When Nina and Marjorie pull into town they tend to turn heads. The bright pink vans – named in honour of radiologists Associate Professor Nina Sacharias and the late Dr Marjorie Dalgarno – traverse the state ensuring women living in regional Victoria have access to breast screening services close to home.
There are also 41 permanent breast screening clinics across Victoria, a situation Robyn Cole, 64, from Longwarry in Gippsland is very happy about.
Robyn, a volunteer BreastScreen Victoria ambassador says that we are very lucky in Victoria not only that breast screening is free, but that breast screening centres are so accessible.
I Googled it this morning and realised there aren’t many countries in the world where such a life-saving test is free, she says.
Robyn is a passionate advocate for getting screened because she has friends who had good outcomes because their breast cancer was picked up early thanks to a regular breast screen.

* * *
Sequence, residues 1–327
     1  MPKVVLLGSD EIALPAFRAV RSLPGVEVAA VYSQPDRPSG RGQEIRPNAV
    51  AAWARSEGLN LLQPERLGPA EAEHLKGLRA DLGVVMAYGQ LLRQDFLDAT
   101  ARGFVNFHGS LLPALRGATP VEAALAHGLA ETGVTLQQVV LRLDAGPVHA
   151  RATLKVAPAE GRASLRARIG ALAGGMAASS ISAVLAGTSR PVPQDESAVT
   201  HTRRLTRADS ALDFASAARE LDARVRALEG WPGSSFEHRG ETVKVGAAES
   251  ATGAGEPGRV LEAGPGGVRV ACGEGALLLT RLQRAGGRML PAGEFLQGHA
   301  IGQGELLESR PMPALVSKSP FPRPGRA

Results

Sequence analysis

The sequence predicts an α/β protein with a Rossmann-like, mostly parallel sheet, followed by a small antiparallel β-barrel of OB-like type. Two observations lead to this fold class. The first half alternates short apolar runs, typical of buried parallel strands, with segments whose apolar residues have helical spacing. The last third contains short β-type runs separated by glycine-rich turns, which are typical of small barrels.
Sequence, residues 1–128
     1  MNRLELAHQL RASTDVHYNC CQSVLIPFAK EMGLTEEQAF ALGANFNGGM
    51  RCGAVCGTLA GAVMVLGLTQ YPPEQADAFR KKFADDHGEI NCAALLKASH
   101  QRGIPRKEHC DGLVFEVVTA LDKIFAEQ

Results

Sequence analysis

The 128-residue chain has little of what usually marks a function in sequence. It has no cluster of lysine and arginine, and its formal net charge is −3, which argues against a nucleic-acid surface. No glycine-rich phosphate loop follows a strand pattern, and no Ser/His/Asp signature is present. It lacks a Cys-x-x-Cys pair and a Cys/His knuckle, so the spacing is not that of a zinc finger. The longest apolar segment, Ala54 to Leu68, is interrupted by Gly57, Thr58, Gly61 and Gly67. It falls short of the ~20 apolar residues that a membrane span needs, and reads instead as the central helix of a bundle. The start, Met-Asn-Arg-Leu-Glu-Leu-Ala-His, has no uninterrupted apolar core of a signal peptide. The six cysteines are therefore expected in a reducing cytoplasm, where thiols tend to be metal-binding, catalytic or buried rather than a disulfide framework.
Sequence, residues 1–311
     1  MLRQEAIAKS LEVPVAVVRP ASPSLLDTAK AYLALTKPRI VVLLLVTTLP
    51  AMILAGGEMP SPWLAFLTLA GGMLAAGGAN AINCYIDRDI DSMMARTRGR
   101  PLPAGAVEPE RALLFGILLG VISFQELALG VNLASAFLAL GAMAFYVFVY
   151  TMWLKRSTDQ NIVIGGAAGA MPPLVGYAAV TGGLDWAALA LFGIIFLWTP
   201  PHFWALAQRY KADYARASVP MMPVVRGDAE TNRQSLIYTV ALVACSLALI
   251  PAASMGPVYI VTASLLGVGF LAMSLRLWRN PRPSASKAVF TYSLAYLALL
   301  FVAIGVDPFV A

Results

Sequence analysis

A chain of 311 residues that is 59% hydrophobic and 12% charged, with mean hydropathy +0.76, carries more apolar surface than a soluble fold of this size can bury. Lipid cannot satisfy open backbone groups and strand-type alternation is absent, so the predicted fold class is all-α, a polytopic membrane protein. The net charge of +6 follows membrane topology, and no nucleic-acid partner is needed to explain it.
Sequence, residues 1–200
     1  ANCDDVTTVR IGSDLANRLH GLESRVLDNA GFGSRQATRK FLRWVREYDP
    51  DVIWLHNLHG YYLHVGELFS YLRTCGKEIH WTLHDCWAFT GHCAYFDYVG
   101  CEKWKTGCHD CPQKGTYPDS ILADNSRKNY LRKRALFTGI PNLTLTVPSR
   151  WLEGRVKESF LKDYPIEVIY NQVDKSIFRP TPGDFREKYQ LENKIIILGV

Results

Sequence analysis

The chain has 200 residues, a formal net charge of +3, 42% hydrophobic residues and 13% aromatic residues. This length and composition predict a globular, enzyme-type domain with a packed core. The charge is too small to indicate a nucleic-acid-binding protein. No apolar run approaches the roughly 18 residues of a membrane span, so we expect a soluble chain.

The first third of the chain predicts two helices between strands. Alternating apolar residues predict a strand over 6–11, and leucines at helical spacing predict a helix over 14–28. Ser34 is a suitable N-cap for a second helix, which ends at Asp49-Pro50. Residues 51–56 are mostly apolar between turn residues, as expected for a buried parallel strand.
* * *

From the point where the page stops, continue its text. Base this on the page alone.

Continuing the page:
I have met women in their 80s who were picked up early and treated, she says.
So it’s really important that that you keep having your tests.
There’s no excuse not to be tested every two years. It doesn’t take long, it doesn’t hurt, the people in the clinic are really friendly, it’s only every two years, it’s easy to book an appointment, there are clinics everywhere – including the two mobile vans – it’s free, and most importantly, it could save your life.
Robyn, who travels 15 kilometres to West Gippsland Hospital in Warragul for her breast screens, says it’s important women keep having their two-yearly screen.
BreastScreen Victoria CEO Vicki Pridmore agrees that it is vital that women over the age of 50 keep having their two-yearly breast screens.
One in eight women will be diagnosed with breast cancer in their lifetimes, and the reality is that 75 per cent of those women are over the age of 50, she says.
Regular breast screens are the best way to find breast cancer early, before any symptoms are noticed and when treatment is likely to be most successful.